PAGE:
Scotiabank boosted its second-quarter net income by 30 per cent to $2.06 billion, in a period that saw all of the country’s biggest banks shrug off concerns about high house prices and overstretched borrowers.
Scotiabank’s earnings amounted to $1.62 per share, compared with $1.23 per share or $1.58 billion of net income during the second quarter of 2016.
The bank had $6.58 billion of revenue during the three-month period ended April 30, compared with $6.59 billion a year ago.
All of Canada’s five biggest banks — including Royal Bank, TD Bank, BMO and CIBC — reported higher second-quarter profits, in spite of fears about the health of the country’s housing market.
Combined, the five banks had $9.67 billion of profits during the quarter, up nearly 20 per cent from $8.12 billion a year ago.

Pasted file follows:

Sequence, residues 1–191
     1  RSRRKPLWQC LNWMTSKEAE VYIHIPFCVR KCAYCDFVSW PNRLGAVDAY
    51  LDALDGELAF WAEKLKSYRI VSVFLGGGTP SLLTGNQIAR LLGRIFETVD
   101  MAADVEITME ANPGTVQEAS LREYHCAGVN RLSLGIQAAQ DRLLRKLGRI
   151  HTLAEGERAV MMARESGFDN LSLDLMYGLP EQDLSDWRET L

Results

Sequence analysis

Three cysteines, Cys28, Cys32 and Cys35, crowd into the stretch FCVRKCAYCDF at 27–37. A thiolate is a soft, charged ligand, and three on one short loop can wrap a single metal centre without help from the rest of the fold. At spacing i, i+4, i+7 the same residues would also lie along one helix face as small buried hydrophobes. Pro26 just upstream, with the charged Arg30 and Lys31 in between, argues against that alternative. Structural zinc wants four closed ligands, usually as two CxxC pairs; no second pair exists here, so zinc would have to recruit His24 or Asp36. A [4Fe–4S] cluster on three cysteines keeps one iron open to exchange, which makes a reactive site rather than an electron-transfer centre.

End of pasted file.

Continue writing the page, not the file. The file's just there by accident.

Their combined quarterly revenue was $34.80 billion, up five per cent from $33.11 billion during the second quarter of 2016.
Scotiabank CEO Brian Porter said the bank’s earnings growth was driven by strong results in all three of its main businesses — Canadian banking, international banking and global banking and markets.
“Continued focus on improving the customer experience, advancing the digitization of the bank and driving a more efficient operation has contributed to this performance,” Porter said Tuesday in a statement.
Barclays analyst John Aiken wrote in a note to clients that Scotiabank’s international banking segment did especially well and that’s “a distinct positive given that these operations are the bank’s key differentiator.”
The segment had $595 million of net income during the quarter, up 19 per cent from the same quarter last year. The bank attributed the increase partially to higher net interest margins and less money set aside for bad loans.
Canadian banking had $971 million of net income, down one per cent from a year ago when it benefited from the sale of a lease finance business.